Accidental Overdose Still a Leading Cause of Young Adult Deaths

Accidental Overdose Still a Leading Cause of Young Adult Deaths

Accidental overdose claims the lives of more than 26,000 people each year in the United States, and reached record levels in 2006. In fact, death by unintentional overdose is the second leading cause of death for teenagers, and the primary cause of death for young adults in the mid-30s and mid-40s age group.

Most deaths are believed to be caused by overdosing on illegally acquired prescription medications. Escalating this distressing trend is the reality that overdoses can be prevented if patients, parents and their families have adequate information about safe storage and handling of prescription drugs.

Overall, the Center for Disease Control reports that deaths from overdosing on drugs almost doubled during a five-year span of 1994 to 2004, ranking second at that time only to fatalities from car accidents. The problem has gained heightened awareness recently, in light of the untimely death of young adult actor Heath Ledger, whose death is believed to be linked to accidental overdose of prescribed medicines.

Prevention may be the key to preventing future overdose-related deaths. Policymakers continue to call for federal support toward helping prevent overdoses, and to enable greater access to Naloxone, a drug that reverses the life-threatening effects of an overdose. Naloxone can save lives by bringing back respiration to victims who have overdosed, especially on morphine or heroine.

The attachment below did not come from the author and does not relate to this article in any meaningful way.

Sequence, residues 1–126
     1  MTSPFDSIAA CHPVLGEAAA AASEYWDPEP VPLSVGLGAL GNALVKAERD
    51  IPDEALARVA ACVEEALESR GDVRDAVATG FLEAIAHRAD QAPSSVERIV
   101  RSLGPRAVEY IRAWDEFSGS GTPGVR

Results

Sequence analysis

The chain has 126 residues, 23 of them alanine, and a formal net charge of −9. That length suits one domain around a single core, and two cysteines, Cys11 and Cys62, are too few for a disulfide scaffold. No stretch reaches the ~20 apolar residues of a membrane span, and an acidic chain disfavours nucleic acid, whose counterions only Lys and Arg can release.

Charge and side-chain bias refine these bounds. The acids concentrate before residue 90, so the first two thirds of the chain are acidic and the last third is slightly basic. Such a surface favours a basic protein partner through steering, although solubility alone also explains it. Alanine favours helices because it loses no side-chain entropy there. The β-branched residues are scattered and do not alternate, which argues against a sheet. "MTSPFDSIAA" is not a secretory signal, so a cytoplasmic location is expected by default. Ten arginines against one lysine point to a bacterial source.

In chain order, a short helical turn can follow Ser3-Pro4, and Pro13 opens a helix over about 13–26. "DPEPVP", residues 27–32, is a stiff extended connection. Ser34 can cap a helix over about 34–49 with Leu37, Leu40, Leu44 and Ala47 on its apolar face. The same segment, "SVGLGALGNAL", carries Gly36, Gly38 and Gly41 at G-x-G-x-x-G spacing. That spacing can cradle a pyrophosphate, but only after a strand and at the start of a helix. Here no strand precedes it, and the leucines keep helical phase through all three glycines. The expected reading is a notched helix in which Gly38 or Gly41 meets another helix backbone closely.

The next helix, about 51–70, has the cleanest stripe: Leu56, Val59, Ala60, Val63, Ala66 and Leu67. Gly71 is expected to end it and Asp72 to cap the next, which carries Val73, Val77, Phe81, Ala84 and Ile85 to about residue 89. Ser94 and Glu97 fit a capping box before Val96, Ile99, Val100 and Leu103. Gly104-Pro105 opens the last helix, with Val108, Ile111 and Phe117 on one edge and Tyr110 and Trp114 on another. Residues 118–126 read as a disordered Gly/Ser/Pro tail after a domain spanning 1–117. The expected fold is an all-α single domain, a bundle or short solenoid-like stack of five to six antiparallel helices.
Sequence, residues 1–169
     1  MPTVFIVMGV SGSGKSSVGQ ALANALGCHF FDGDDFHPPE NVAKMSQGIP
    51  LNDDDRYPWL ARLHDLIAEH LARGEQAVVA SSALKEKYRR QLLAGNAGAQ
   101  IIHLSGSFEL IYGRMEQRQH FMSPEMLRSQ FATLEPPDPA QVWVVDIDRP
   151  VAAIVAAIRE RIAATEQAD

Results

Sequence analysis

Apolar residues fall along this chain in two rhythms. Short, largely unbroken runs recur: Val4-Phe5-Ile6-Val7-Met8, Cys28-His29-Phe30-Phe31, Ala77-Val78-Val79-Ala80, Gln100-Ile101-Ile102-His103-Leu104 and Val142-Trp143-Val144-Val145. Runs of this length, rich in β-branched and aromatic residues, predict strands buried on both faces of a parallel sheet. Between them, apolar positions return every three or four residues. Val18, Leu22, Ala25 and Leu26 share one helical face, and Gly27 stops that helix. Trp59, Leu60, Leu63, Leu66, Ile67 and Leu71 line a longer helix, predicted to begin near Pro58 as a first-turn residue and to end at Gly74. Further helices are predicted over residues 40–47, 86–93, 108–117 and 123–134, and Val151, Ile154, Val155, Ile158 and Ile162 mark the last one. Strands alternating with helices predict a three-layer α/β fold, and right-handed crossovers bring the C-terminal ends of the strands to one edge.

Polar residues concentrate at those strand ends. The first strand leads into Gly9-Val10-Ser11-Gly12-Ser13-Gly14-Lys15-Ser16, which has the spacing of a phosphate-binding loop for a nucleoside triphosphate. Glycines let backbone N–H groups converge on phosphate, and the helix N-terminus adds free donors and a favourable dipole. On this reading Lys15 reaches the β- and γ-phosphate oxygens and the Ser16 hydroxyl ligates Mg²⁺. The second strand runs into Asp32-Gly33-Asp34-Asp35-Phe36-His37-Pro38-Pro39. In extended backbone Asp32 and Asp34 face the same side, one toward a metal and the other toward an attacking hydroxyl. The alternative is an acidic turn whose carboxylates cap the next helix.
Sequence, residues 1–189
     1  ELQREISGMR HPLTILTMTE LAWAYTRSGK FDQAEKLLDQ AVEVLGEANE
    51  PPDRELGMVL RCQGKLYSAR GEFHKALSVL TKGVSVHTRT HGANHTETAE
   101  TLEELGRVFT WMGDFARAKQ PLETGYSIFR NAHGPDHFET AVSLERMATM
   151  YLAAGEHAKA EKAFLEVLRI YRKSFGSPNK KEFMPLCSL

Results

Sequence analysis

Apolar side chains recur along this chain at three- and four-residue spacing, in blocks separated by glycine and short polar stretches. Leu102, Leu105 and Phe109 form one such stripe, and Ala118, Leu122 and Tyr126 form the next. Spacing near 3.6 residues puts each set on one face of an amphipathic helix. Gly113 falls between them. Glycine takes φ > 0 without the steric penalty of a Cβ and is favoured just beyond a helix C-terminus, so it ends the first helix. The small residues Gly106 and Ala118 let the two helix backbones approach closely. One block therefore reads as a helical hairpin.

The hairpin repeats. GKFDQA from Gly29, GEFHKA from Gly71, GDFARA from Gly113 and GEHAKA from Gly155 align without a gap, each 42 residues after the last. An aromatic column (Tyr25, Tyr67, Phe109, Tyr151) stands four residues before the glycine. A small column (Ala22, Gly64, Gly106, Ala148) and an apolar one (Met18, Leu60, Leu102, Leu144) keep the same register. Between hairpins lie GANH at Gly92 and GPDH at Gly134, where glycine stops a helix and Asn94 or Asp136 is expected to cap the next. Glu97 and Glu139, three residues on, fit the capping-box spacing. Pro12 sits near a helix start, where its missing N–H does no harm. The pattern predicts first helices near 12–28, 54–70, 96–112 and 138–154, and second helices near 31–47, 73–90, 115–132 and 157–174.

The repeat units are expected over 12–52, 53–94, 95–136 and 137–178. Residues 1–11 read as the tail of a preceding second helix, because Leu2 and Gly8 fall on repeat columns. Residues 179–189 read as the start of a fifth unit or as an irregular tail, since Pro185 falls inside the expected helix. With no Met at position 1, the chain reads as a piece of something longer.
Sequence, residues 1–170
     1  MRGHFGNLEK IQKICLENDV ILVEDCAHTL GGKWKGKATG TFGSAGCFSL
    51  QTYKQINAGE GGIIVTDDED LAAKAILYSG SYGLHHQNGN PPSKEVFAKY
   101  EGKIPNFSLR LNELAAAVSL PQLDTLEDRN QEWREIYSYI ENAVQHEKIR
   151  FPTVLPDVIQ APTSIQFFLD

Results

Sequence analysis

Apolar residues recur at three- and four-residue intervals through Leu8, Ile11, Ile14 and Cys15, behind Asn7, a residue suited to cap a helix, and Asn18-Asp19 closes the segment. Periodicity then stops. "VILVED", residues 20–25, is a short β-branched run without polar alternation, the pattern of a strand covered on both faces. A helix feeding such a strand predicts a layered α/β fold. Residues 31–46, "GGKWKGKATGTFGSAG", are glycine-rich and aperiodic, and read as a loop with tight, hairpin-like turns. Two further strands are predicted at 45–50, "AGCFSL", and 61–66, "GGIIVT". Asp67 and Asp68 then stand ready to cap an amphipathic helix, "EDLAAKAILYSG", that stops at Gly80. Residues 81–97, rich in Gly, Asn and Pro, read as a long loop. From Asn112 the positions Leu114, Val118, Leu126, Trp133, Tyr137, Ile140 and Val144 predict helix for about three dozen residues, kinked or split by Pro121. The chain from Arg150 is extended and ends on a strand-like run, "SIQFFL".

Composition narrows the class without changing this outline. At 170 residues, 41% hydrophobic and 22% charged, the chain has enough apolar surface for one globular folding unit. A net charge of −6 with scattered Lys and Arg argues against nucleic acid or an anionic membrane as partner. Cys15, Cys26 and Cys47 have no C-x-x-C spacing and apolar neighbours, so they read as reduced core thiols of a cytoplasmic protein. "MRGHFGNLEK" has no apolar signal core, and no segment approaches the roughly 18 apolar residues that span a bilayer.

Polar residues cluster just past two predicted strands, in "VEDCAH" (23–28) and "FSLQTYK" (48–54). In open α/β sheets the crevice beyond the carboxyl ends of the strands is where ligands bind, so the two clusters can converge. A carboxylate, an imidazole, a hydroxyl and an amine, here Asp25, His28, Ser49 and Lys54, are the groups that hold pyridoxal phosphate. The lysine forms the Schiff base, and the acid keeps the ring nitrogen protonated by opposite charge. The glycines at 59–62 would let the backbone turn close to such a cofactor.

Additional measures are called for to assist with patient drug information, as several overdose deaths are suspected to be related to mistaken dosages on legitimately acquired prescriptions.

The Drug Policy Alliance (DPA) — a national organization that promotes drug policies centered on safety — is working to spread a clear message about the dangers of overdose, utilizing social media like Facebook and purple ribbons. Part of the DPAs efforts are focused on getting the message to young people, who may be most susceptible to drug overdoses, especially as access to prescription drugs is on the rise.

Painkillers and sedative prescription drugs are identified by the CDC as the leading categories of overdose-related drugs. More women experienced fatalities from overdoses than men during the time span of 1994-2004, with an increase of more than 100 percent. People in the age demographic of 15 years to 24 years also showed a tremendous increase in overdose-related deaths, at 113 percent.

Interestingly, the largest concentration of overdose-related deaths occurred in rural areas instead of urban regions. These findings point to overall increasing trends for prescription drug abuse in rural communities, especially middle-income, primarily white regions.

The CDC proposes stricter measures to monitor prescription drugs, increased education for doctors and new programs to help people with prescription drug addictions. A state–managed closer look at doctors who prescribe multiple prescriptions or prescriptions that seem inappropriate is also recommended.

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